For example let’s say Rob Dickie completes 6 progressive runs per game, and he’s the best in the league at that metric. He would be in the 100th or 99th percentile. But if the next best centre back is only completing 2 progressive runs per game, it’s not really fair for them to be in the 98th percentile. Using z-scores therefore better illustrates the difference between players.

Z-scores are on a scale, with a score of 0 being the mean (average), a positive value being above average and a negative value being below average. The score will tell you how many standard deviations above or below the mean you are.

I take these values and scale them to 100; this allows the numbers to be more informative and easier to understand. Anything with a score above 50 would be considered above average.

So, we’ve got all the scores for each player and metric, now we need to weight all of the metrics so they create the overall attribute scores. Below you can see how I have weighted each metric which make up the attribute score for a centre back. Just to reiterate, these weightings are very much what I deem as appropriate and what is important to me, they might look different to someone else.

One metric which is included across all positions for player ratings is minutes played. Availability is possibly one of the most overlooked metrics in football. It seems harsh to rate a player with 800 minutes better than a player with 2,500 minutes when they’re showing similar on the numbers. Being 1st choice isn’t the be all and end all, but it should be something which is considered.

Here’s how we’re looking with six different values which are derived from the attributes we identified at the start of the process, along with the minutes played value.

We now have to do some weighting again. Which of the attributes is more important to a centre back? Again this down to your interpretation of the game and what you want from your defenders. Personally I want it to be tilted towards those more progressive defenders who can carry and pass the ball well. You can see my weightings below:

Others may think the defensive and aerial ability is more important. You could quite easily run these figures with different weightings and have them saved as different templates.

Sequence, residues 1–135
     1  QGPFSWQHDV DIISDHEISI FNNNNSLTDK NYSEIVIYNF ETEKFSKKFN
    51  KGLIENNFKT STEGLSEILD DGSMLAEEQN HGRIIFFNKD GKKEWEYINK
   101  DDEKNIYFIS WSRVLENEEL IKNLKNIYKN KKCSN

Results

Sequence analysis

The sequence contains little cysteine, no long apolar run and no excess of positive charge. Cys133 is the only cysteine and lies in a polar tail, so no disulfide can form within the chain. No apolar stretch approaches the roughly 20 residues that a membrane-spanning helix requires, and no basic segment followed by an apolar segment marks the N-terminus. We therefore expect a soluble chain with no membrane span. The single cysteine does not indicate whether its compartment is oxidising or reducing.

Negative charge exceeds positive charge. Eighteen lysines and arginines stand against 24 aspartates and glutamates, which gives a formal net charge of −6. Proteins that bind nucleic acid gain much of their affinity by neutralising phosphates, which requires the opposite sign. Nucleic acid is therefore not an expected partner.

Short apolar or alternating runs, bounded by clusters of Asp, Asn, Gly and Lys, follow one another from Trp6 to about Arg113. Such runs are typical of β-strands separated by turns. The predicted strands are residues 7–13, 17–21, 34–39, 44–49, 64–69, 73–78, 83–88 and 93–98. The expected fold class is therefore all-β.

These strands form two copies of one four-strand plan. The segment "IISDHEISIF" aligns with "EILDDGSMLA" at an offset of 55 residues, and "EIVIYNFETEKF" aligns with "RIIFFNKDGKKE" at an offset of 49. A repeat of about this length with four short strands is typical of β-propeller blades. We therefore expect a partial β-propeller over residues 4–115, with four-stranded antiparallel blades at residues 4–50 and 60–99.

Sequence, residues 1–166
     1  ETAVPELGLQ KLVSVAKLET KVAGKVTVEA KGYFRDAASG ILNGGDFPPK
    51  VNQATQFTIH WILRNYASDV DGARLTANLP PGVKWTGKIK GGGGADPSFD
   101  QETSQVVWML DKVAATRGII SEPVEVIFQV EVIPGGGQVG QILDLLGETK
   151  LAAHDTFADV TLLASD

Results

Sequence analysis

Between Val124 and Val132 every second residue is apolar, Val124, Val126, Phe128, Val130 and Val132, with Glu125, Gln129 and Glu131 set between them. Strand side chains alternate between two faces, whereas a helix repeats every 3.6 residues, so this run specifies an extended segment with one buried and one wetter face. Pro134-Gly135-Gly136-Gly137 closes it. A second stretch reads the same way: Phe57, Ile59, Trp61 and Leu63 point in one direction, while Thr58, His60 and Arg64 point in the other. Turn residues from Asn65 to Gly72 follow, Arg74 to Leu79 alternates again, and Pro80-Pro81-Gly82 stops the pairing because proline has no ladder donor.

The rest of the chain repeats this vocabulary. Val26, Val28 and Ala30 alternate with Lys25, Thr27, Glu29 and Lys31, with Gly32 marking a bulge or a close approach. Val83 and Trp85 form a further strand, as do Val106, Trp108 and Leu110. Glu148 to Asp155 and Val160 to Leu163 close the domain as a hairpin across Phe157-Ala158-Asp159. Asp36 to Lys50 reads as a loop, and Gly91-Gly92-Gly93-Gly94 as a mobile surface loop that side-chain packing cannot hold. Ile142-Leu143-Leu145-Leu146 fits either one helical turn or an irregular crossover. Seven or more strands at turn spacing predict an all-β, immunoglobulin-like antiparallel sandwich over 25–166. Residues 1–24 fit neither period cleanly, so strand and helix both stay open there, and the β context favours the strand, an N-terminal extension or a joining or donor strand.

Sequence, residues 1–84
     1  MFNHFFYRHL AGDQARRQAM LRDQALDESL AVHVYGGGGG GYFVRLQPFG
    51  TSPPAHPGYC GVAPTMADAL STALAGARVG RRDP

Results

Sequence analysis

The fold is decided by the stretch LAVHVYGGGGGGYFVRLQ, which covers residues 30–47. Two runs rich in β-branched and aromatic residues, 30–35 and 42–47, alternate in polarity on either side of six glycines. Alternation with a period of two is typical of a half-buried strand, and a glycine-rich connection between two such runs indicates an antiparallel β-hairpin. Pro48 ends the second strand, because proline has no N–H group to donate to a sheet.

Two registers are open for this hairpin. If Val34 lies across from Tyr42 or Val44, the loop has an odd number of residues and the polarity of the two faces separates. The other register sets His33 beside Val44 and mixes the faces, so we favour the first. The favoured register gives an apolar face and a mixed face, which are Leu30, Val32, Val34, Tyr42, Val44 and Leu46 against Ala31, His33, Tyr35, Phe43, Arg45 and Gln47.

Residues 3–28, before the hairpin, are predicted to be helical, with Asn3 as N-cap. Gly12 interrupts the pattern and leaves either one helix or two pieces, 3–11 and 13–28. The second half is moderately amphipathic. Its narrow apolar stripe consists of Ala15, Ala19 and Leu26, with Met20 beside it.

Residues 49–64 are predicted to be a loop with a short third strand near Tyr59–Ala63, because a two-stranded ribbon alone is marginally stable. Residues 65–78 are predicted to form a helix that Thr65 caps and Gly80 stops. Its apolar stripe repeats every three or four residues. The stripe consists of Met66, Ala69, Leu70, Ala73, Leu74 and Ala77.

The values that come from the weightings above are then added together to create the overall centre back rating. Here’s an example of the top 15 rated centre backs in League One so far this season (2021–22).

It’s worth remembering a rating of 50 is considered average, so for Accrington’s Ross Sykes to have a rating of 61.40 is impressive. Notice there is only a couple of points different between him and Bolton’s Ricardo Santos, again very impressive.

For context, I have Dominic Hyam as the best rated centre back in the EFL with a rating of 64.41, while Sykes ranks 4th when compared to the whole Football League, which is very good for 22 year old. I have no doubt we’ll be seeing him in the Championship soon. You can see why he has flagged up, looking at his pizza chart below he’s very well rounded. He offers an attacking threat, progressive ability through both passes and runs, along with putting up some solid defensive numbers.

Limitations

I’m very aware that these ratings are not perfect, but I do feel they’re a good starting point. So I thought I would acknowledge some of the limitations of the current system. Going forward I’ll be looking to improve these limitations and will hopefully get some good feedback from this blog post to help.

Data quality

This is a topic I’ve spoke about before, but Wyscout doesn’t have the best data quality. Some of its values, especially the accuracy/success percentages can be inaccurate at times. It would be best to use data from Statsbomb, or OPTA for example. On the whole Wyscout data is okay, you just need to sense check some of the metrics now and again.